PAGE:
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Saturday, August 2, 2014

Review: Happy Christmas




Joe Swanberg is a director who has been making a name for himself with his quiet, low-budget, low-key  movies. First breaking out with 2007’s Hannah Takes the Stairs, Swanberg hit the apex of critical acclaim with the 2013 Drinking Buddies, starring Olivia Wilde. 
 
I was no big fan of Hannah Takes the Stairs. It’s one of those movies that revels in its indie status so much, goes so far out of the way to break the traditional narrative formats, that it feels more like work than pleasure to watch. But on a rainy day I found my way to Drinking Buddies and was astonished at how much more accessible Swanberg’s work had become. It managed to defy typical narrative structure while still feeling fresh, authentic, and above all, enjoyable.

Swanberg’s newest effort, Happy Christmas, unfortunately does not continue the upwards trajectory of improvement, landing somewhere in between Hannah Takes the Stairs and Drinking Buddies

Happy Christmas is the story of Jenny (Anna Kendrick), an immature 20-something who moves in with her older brother Jeff (Joe Swanberg) and his wife Kelly (Melanie Lynskey) after a rough break-up. Jenny takes on babysitter duties and struggles to get her life back on track while trying the patience of her brother and his family. Predictably, along the way, her free spirited nature helps Kelly realize she can loosen up on her mommy duties and make time for her true passion: writing. 

Coming in at a mere 78 minutes, the film’s problem is almost too obvious: it never goes anywhere. It feels like the first two-thirds of a good movie, and just when I found myself getting invested, bam. Credits. I applaud the attempt at an atypical narrative, but I’m still a bit too old-fashioned for this kind of movie. I don’t need a dramatic third act or a final crisis to resolve, but I do need an ending. Something with at least a semblance of closure or finality; something to show for the time I spent.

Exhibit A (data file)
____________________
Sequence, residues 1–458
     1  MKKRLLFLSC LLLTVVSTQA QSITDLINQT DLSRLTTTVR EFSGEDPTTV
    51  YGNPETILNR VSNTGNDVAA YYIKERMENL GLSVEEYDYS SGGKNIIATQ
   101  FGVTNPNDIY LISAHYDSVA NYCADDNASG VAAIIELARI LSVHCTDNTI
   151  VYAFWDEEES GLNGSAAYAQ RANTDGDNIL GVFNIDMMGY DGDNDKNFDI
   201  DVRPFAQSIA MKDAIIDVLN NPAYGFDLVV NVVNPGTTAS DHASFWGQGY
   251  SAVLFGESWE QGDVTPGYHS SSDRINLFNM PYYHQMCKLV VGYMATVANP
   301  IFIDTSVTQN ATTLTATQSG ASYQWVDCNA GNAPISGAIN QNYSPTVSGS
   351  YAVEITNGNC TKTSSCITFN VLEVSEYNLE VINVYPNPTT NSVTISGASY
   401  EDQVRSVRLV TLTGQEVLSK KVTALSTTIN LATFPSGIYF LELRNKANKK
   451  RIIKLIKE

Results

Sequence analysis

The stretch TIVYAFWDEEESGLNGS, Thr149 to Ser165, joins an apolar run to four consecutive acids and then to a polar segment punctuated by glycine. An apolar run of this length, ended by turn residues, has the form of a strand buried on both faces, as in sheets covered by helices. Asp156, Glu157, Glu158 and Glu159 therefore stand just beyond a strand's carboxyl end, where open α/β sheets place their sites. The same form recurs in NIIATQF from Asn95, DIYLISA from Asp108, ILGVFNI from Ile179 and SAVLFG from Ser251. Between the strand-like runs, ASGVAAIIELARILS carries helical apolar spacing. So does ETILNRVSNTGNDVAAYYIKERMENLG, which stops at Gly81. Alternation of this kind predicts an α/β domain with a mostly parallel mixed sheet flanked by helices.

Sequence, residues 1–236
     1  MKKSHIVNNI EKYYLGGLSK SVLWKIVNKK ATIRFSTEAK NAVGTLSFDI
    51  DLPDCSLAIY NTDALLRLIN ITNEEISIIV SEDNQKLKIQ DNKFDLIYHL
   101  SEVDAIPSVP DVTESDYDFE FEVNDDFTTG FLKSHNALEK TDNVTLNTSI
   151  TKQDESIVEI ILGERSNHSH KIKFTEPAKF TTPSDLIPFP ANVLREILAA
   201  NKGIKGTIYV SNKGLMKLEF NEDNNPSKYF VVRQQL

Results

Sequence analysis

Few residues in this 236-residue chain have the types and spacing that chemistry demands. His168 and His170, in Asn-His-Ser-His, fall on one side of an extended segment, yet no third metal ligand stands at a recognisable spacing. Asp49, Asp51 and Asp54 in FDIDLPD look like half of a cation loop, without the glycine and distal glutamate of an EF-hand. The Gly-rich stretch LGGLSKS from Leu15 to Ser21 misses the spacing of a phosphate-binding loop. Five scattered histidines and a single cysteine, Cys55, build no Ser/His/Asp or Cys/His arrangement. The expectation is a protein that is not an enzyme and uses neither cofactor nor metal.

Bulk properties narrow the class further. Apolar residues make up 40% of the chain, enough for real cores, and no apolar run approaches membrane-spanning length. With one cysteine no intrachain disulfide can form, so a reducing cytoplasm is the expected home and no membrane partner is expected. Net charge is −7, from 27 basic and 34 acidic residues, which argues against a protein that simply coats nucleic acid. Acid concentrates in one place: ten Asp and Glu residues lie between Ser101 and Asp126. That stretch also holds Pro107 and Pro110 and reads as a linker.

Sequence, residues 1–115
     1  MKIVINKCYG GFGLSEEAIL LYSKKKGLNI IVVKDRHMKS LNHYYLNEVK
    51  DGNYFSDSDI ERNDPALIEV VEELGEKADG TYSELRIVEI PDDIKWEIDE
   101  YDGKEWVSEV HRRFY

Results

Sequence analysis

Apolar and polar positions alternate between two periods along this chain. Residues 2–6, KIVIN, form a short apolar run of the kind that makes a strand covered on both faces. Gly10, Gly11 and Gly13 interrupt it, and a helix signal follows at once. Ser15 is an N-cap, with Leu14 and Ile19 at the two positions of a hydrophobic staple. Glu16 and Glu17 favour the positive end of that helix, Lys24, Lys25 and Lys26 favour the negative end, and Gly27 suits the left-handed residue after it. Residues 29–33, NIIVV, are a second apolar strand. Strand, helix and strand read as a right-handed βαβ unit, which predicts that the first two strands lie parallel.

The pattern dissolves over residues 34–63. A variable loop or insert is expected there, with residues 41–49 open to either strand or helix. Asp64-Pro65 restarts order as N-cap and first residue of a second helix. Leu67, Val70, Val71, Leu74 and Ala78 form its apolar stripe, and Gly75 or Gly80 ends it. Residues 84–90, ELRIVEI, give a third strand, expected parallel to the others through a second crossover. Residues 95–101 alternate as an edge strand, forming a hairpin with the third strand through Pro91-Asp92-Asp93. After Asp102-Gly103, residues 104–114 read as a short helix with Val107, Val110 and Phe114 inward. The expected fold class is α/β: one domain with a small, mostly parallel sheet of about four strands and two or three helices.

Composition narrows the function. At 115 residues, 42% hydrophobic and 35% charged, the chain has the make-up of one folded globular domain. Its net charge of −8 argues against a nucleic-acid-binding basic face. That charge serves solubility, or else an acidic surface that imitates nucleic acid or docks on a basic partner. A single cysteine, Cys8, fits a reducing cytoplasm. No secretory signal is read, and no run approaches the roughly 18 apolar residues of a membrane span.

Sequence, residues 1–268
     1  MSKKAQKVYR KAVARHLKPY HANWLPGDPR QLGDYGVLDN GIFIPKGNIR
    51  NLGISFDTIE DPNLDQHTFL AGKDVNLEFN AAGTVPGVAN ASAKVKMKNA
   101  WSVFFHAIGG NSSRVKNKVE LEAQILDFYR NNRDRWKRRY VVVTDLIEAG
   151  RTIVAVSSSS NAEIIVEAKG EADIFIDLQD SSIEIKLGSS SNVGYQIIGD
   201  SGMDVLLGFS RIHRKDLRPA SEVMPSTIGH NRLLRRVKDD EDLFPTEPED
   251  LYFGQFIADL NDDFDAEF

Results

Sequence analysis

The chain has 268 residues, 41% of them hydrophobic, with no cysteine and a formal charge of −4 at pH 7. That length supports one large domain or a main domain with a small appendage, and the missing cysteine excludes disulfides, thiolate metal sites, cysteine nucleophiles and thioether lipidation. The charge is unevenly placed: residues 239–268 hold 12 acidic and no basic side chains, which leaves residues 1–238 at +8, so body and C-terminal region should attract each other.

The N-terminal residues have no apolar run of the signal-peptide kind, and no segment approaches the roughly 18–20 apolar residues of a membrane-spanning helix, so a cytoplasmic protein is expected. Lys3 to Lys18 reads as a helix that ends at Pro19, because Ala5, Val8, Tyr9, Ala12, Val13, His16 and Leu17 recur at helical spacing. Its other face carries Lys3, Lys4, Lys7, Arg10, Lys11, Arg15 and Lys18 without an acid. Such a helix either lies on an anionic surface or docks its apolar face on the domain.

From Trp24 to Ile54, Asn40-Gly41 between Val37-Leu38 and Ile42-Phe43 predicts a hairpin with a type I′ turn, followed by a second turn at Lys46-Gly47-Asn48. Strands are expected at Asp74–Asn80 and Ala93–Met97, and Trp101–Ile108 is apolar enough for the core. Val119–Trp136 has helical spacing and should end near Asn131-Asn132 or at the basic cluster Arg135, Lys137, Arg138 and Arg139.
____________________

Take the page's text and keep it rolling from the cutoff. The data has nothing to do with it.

In spite of that lack of closure, the movie isn’t a complete waste. In fact, this might be my favorite Anna Kendrick performance to date. Kendrick plays the opposite of the typical good-girl role we see her in: she’s immature, flippant, irritated. I liked that side of Kendrick, and she played it perfectly. Joe Swanberg also shines the most when he’s interacting with his on-screen and real-life infant son. It’s odd to say, but I’m not sure I’ve ever seen an infant so well-behaved and likable in a movie. 

If I had to sum up Happy Christmas in a word, the word would be “slight.” The movie isn’t difficult to watch and has some enjoyable moments, but it never gets off the ground in the way that I hoped it would. I give it a B-.

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